Increasing threats for the displaced population in Haiti
A few days before the swearing in ceremony of Haitian president Joseph Michel Martelly on May 14, there are growing threats on the displaced people by the earthquake.
In addition to violent evacuations, very poor health conditions, general lack of access to basic services and growing violence risks, mainly against women and children, the displaced are threatened by the announced hurricanes in the beginning of June.
A team of investigators from the Atmosphere Science team at Colorado University, foresees 17 cyclones and 9 hurricanes which could affect the Atlantic Ocean with a high probability of impact on the Caribbean in the area of Haiti.
The situation could be very grave for the displaced. Due to the very vulnerable situation of the camps, just some rain with strong gusts of wind could destroy the withered tents and flood the camps.
Over a year and a half after the earthquake and in spite of efforts of the Haitian authorities and international agencies for the temporary relocation of the displaced, the country is still waiting for "durable solutions for housing 680.000 displaced who are still living in tents and also for the returning communities" according to Mission Head for the International Migration Organization in Haiti, Luca Dall’oglio.
Facing this situation, the Jesuit Refugee Service, JRS, asks new Haitian authorities to stop the violent evacuations that go against human rights and the lives of the displaced, while "establishing conditions and means to allow internally displaced persons to return voluntarily, in safety and with dignity to their homes or places of habitual residence or to resettle voluntarily in another part of the country", according to principle 28 of the UN Guiding Principles on Internal Displacement.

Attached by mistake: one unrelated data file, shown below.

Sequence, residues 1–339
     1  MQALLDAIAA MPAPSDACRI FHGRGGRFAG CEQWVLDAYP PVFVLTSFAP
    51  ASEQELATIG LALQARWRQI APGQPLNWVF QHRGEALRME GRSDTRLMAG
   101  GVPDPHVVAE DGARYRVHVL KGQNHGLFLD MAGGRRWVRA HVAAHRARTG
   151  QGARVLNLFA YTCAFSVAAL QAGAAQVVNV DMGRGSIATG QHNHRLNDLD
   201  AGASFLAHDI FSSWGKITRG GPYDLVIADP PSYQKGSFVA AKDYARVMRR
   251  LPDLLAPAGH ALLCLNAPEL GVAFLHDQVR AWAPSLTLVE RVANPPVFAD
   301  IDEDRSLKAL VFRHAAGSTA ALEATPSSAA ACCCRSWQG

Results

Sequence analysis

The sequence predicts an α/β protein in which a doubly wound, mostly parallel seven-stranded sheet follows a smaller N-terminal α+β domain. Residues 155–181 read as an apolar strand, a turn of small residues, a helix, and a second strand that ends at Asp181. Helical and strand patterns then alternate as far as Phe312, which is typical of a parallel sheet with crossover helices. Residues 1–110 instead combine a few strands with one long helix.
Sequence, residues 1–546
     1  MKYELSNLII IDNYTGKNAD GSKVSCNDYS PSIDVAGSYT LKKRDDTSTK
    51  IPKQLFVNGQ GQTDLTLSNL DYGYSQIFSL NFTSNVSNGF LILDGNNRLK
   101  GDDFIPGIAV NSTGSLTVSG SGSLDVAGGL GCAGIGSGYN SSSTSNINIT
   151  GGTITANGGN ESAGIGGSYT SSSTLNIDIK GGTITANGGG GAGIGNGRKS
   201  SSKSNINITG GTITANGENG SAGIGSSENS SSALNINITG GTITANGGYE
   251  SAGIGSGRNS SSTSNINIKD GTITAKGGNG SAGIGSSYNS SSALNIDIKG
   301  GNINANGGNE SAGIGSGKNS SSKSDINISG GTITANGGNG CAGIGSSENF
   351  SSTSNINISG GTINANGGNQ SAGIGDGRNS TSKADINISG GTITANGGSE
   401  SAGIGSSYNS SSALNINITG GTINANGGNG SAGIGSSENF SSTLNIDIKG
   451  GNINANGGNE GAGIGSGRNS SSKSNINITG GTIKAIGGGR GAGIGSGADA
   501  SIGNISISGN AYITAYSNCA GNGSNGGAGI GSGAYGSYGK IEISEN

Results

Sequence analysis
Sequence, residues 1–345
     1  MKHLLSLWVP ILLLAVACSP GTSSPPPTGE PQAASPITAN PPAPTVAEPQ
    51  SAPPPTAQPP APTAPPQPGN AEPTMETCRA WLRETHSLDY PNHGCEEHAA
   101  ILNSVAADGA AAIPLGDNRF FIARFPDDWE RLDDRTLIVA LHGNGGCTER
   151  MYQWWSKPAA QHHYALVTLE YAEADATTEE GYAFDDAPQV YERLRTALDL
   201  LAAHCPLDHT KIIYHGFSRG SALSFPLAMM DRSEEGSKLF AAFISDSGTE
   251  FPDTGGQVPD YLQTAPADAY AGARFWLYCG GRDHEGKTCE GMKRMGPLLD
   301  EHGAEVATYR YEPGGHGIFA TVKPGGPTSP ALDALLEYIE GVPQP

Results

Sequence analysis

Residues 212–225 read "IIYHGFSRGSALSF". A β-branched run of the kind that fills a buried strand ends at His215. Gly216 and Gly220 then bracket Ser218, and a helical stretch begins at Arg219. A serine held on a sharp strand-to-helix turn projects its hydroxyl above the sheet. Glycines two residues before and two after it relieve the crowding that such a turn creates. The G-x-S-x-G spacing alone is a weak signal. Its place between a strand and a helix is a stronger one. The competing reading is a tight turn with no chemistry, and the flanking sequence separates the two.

Increasing threats of violent evacuations: Camp Palais de l’Art
Last May 10, more than 150 families living in the camp Palais de l’Art, situated in Delmas 33, found themselves locked in. That morning when some of the displaced tried to carry out their activities, they saw the door leading to the street was locked. In their desperate try to climb the wall to jump to the street, many were wounded.
“It´s a strategy used by the landowner to force us to leave the camp" explained one of them. On May 9, the displaced of that camp had found the only bathrooms closed with nails. The landowner threatened them f they tried to open the bathrooms.
In a meeting with camp committee members with the participation of the International Organization for Migrations and the JRS, the landowner had given the displaced up to May 1, to leave the camp.
According to the landowner's lawyer, the Ministry of the Interior had signed with its client a contract for 25 thousand dollars which expired on December 2010.
Testimonies of displaced persons: "We have nowhere to go"
These are some the testimonies that the displaced of the Palais de l'Art gave the JRS regarding the dates given by the landowner:
“I live in the Palais de l’Art camp since January 13, 2010. Mi house was partially destroyed by the earthquake and I have not been able to go back since then because my husband and I are unemployed. I have no money to repair the house. With this short date that the landowner is giving us to leave the camp, I don´t know what to do" said Magalie Gilot.
“I am here for the past six months . After the earthquake I returned to my home town in the province. But after that I came here because a friend invited me. I had nowhere to go. I came with her. If the conditions where I lived were good, I would not be here. I came looking for work" said Benita Pierre.
Read the interview with SJR Haití director about the current situation in the country